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Pillar Of The Community
United States
1255 Posts
Posted 09/23/2019   12:51 am  Show Profile Check cfrphoto's eBay Listings Bookmark this reply Add cfrphoto to your friends list  Get a Link to this Reply
Scott vermilion postage due stamps, J29 and J30 should fluoresce under longwave UV light. Hard paper in the Bank Note series is bright under longwave UV light while soft paper looks "dead". It is said that strong longwave UV light will bring out the blue color in pink or rose pink stamps of the 1861 issue. One of the volumes in the Professional Stamp Experts Book of Philatelic Secrets describes the type of high intensity UV lamp used by PSE. As I recall the article is in volume 2.
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Pillar Of The Community
United States
6094 Posts
Posted 09/23/2019   07:15 am  Show Profile Bookmark this reply Add revcollector to your friends list  Get a Link to this Reply
I believe it's long wave, not the type for the modern coils. The UV intensifies the natural shade of the paper, so the green is REALLY green and the violet and intermediate are clearly violet.
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Pillar Of The Community
Germany
1303 Posts
Posted 09/23/2019   12:43 pm  Show Profile Bookmark this reply Add stamperix to your friends list  Get a Link to this Reply
Thank you both. I will check some 3c 1861 stamps. In any case, UV light is a very useful tool to determine color in other countries, and it's a bit unfortunate that it does not to be used in the USA for classic stamps - even not by PF or PSE.

The book of PSE I mentioned above have many examples of Pantone colors, but only UV colors for the 2c 1894/99 stamps. So the 3c 1851 or 1861 have their text and table there, but no UV information. If we look at how many color threads we have at SCF (also recently) it should be obvious that the UV color can be of some use. As some colors are in normal light sometimes very similar, but very different under UV light.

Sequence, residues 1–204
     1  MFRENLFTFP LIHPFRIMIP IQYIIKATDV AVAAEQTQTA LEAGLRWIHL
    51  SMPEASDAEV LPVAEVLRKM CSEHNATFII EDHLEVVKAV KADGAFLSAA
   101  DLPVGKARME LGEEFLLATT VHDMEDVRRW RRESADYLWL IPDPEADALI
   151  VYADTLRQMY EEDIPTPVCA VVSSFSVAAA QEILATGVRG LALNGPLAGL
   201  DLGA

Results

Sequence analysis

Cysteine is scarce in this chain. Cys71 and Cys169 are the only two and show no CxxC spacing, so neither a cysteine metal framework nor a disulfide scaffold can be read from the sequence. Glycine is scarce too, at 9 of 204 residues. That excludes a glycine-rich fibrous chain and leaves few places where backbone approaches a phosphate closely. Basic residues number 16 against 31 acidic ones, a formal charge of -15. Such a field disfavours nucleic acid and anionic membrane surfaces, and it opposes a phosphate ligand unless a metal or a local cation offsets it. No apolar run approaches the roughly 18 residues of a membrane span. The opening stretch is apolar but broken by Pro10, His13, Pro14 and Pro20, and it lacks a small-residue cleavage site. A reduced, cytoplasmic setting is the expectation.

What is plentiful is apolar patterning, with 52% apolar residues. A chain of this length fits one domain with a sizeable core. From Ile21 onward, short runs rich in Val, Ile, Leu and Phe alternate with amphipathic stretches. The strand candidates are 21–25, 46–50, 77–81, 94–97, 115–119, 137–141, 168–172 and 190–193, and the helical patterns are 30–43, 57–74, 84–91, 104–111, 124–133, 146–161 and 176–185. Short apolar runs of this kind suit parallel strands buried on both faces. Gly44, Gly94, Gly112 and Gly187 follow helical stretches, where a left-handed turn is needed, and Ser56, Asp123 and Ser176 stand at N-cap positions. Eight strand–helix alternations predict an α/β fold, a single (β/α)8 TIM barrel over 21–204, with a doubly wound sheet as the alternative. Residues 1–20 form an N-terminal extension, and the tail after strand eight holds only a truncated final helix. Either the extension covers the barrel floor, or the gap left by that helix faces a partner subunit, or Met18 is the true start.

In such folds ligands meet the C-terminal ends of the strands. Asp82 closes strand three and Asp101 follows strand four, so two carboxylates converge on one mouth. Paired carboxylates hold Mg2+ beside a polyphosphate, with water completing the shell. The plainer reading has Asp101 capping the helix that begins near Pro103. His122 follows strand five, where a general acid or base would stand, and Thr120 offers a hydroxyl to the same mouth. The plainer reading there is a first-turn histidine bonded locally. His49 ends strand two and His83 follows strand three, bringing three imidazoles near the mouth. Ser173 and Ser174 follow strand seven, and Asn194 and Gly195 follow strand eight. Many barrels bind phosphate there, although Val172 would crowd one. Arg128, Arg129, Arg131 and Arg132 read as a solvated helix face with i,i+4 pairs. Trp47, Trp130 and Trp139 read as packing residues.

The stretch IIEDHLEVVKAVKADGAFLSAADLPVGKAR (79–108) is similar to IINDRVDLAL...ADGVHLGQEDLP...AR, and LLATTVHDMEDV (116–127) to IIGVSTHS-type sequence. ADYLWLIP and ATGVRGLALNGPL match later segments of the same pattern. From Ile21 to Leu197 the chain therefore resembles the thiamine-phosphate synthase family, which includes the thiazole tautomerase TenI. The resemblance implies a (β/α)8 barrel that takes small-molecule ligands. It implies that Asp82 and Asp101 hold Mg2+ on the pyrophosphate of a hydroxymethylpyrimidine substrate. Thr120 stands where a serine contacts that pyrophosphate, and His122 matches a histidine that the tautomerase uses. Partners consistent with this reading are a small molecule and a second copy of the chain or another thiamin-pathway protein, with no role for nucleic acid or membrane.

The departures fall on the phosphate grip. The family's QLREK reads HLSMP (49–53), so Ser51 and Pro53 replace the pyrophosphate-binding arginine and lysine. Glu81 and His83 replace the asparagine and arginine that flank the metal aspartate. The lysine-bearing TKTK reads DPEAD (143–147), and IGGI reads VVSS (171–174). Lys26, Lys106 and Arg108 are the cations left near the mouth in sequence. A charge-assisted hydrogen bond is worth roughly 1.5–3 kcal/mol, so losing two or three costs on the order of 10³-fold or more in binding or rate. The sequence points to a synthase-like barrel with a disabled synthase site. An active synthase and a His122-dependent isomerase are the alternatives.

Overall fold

So this thread could perhaps be a start for everyone who wants to participate and share his information.
Interesting stamps would be, as mentioned, 3c 1851 and 1861, but also 1c 1861 and 30c #830 and $1 #832 or my example of #324 and the 2c carmine lake coils. And all this not only as an effect of how the paper has fluorescence but also the ink, and here not only if it has fluorescence, but in which color his reaction is.
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Pillar Of The Community
United States
1255 Posts
Posted 09/23/2019   5:28 pm  Show Profile Check cfrphoto's eBay Listings Bookmark this reply Add cfrphoto to your friends list  Get a Link to this Reply
PSE and PSAG have professional quality longwave UV lights that can be used in connection with color determination. For awhile, PSE was using longwave UV to identify 634b and other Fourth Bureau carmine lake varieties. In retrospect, careful comparison with a color reference might have have produced better results. For some colors there is no substitute for a good reference.
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Edited by cfrphoto - 09/23/2019 5:36 pm
Valued Member
United States
105 Posts
Posted 09/24/2019   4:28 pm  Show Profile Bookmark this reply Add mstocky2 to your friends list  Get a Link to this Reply
I focus on mainly more modern stamps were I use LW UV all the time to look for ink varieties. I have found many Scott unlisted varieties this way. Reds, yellow and orange inks are the one most likely to have fluorescent varieties. Some greens and browns do as well.

I have a large number of 220 type issues so I did a quick look by dumping the pile under my UV light. It was pretty clear there was at least three different ink varieties from my quick look. For these and same colors in 1894/95 Bureau issues, LW UV can prove quick successful in doing a first order separation. What I found is on one end of the spectrum the ink was bright orange / highly fluorescent and on the other end dark orange / non- fluorescent. There was at least one variety in the middle that was somewhat fluorescent appearing a light orange. Based on this I expect that LW UV could work well for other issues as well.